My explanation of what unfolded last year should help us anticipate what 2023 might hold. First, there is a strong likelihood that some type of recession will occur this year. There are a few key indicators. When interest rates rise rapidly, short term-interest rates are higher than long-term rates (an inverted yield curve), or there has been a commodity price shock like gasoline and groceries, 100% of the time a recession has followed. We have had all three occur last year! There is still a fair amount of the $6T sloshing around the economy, so it might not be severe, but it will probably happen. The market has anticipated this, because generally it looks six-to-nine months into the future. In part, this accounts for last year’s losses. Also, there is increasing evidence that inflation is declining rather than climbing as it did for much of last year. Consequently, the Federal Reserve will also slow the rapid pace of rate increases and may even lower rates toward the end of the year as inflation moves in the direction of its historical range of +/-2% from its current 6.5% rate. The current rate is about half of what it was at its peak, so it is moving in the right direction.
The most stubborn area of inflation is wages. It is very difficult to reduce pay once an increase is granted. Usually, wage cuts are most painful, because it doesn’t take place gradually like increases, but suddenly in the form of layoffs. The old saying has some truth in it, “if your neighbor loses his job, it’s a recession, if you lose your job, it’s a depression.” Companies can reduce costs quickly with layoffs. We have already seen this with strained technology companies involving large layoffs over the past six months. Recently, the iconic Wall Street banking firm Goldman Sachs reported revenues in line with expectations but shocked the market when its earnings dropped by 66%, almost entirely due to high wages among its workforce. It is likely that workers will stay put rather than quickly change jobs for a little higher pay, because layoffs typically occur with recently hired employees (last in, first out); so, there is risk to the worker in a fragile economy. I think the Fed will look to job destruction as a key element in continuing to raise rates, or even pivot to lowering rates, once it is satisfied that inflation is back to its targeted +/-2% range.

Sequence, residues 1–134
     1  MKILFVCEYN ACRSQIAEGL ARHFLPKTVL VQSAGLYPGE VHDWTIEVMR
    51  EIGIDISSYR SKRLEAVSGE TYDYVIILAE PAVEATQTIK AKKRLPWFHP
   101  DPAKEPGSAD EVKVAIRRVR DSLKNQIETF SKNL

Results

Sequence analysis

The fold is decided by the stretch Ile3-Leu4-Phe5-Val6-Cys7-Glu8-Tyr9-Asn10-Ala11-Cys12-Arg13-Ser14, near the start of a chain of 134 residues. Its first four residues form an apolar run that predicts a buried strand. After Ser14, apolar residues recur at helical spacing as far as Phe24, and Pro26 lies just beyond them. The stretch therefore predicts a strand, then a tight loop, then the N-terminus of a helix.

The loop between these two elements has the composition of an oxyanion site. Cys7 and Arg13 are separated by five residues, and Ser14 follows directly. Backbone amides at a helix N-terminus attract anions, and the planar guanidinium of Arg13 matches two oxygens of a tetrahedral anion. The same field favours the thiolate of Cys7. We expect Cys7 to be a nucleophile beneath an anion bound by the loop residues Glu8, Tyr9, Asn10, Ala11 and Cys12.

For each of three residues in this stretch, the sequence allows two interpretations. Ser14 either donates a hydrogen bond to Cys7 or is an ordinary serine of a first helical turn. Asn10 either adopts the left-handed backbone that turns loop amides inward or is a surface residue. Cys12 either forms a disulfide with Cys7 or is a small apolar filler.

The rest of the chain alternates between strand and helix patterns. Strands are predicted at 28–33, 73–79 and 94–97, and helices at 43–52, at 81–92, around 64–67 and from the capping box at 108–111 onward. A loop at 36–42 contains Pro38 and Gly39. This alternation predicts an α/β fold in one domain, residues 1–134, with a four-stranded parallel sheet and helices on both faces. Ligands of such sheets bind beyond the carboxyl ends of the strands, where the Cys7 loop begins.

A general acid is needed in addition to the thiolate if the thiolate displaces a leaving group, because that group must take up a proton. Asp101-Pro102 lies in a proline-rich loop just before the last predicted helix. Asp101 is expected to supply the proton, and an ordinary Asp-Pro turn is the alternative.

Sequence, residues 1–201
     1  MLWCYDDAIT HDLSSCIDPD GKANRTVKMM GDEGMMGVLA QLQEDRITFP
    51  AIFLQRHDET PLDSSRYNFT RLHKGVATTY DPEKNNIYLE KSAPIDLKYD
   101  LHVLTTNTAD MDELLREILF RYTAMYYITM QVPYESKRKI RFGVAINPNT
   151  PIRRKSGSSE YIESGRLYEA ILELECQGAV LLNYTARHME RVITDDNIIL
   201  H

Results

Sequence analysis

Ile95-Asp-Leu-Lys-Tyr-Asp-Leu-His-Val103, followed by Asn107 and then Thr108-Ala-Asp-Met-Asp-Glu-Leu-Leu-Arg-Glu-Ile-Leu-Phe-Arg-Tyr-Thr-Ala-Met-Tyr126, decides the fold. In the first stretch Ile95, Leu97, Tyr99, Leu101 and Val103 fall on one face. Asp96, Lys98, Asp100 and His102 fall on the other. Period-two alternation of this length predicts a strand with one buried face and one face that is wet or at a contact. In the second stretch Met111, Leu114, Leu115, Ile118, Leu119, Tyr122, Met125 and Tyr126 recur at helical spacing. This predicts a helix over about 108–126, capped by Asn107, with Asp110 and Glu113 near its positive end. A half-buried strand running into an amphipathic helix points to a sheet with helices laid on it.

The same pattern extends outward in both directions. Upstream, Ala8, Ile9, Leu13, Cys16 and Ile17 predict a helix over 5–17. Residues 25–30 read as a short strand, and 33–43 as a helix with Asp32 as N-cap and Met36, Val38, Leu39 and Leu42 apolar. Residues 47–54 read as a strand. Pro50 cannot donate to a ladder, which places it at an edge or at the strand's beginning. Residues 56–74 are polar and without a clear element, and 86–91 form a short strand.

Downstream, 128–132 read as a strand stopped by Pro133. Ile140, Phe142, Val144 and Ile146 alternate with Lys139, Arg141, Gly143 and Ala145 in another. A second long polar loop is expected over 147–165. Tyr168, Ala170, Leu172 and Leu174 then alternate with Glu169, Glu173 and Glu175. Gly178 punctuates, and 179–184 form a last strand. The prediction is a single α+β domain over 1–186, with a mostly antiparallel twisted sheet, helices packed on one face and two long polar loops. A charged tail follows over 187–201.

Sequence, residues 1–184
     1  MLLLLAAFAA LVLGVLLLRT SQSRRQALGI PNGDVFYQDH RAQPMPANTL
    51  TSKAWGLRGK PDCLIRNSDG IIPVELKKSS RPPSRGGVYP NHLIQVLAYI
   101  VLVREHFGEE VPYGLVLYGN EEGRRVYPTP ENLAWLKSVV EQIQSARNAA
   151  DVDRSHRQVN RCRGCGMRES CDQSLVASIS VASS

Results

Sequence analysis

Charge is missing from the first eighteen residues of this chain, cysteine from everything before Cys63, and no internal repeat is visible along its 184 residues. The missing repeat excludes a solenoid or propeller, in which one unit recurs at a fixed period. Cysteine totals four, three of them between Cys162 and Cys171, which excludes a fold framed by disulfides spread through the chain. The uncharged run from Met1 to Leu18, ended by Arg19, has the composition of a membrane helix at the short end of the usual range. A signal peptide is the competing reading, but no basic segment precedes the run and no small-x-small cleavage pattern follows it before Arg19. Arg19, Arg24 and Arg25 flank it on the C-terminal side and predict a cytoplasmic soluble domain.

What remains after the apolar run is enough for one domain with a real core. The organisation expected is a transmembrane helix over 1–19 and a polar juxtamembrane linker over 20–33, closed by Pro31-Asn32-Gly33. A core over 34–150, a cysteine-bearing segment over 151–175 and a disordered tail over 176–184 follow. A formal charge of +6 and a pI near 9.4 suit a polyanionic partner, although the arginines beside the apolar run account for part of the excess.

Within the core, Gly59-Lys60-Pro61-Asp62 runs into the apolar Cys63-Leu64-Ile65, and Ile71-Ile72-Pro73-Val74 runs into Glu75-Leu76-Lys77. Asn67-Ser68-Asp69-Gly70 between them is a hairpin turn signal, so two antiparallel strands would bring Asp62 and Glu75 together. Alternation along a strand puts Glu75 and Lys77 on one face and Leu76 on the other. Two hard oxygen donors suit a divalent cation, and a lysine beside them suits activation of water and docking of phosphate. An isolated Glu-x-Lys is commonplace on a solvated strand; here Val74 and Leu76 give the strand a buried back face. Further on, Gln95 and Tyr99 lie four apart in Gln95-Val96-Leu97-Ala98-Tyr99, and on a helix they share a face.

I think it is fair to say that the worst is behind us for the markets. The economy may continue to struggle. Real Estate could struggle with high interest rate mortgages. Also, high rent office space could struggle as more people work remotely on a permanent basis. Some regions of the country are going to do better than others. There is a substantial domestic migration from the Northeast to the South. There is a re-shoring movement underway, as international uncertainty is bringing back critical industries from overseas, such as pharmaceuticals and high-tech products. China is very much in view as international tensions continue to build.
The best course of action for almost all investors, but especially the long-term 401(k) investor, is to have a risk adjusted asset allocation in their account, and simply stay-the-course. This JP Morgan bar chart tells the story at-a-glance.
Miss just few of the best days of the market in a 20-year period, you substantially slash your total return. What this tells you is that a free-market sorts itself out over time and the market anticipates that sorting. So, in the end, the market wins.
Source: JP Morgan
The commentary and market insights provided by John Slavic are for informational purposes only and do not guarantee future results.